If your hypothetical asteroid miner were from a smaller country, one less able to dictate terms to the rest of the world, they might find themselves subject to rather more outside interference...

Comment Re:AI is always (Score 1) 564

My point was just that "intelligence" can't be impossible to reproduce algorithmically, because physics is amenable to simulation and has given rise to intelligence.

If it can be produced by a mass of wet jelly sat between two ears, it can be produced by a computer running the right program. The challenge then is to unpick the puzzle of what that jelly is actually doing, and to do so sufficiently clearly to be able to specify that "right program".

Not saying it's easy; it's incredibly difficult. But possible in theory.

Comment Re:AI is always (Score 1) 564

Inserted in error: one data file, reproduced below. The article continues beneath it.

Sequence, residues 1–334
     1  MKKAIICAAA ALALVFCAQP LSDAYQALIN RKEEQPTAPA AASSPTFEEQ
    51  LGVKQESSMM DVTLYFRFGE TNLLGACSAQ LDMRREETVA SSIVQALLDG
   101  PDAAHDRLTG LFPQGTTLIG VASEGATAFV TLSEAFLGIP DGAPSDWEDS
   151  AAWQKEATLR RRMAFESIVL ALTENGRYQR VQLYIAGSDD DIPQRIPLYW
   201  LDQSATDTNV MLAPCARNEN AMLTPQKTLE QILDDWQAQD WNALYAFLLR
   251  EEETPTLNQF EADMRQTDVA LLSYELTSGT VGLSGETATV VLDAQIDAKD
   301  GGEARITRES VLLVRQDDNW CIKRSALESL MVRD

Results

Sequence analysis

Current algorithms are not Artificial General Intelligence. What we have now are algorithms for domain-specific intelligences.

But in principle, physics can be simulated by an algorithm. Therefore a human brain can be modelled at the particle level and run in simulation. Therefore whatever a human brain is doing that produces intelligence (assuming for now that it does, in fact, produce intelligence) can, in principle, be reproduced by an algorithm, even if it has to treat the brain as a black-box to do so.

Consider that the brute-force approach to algorithmic intelligence. Obviously the real prize is to find the shortcut - abstract out only the necessary elements of what the brain does and express those as algorithms.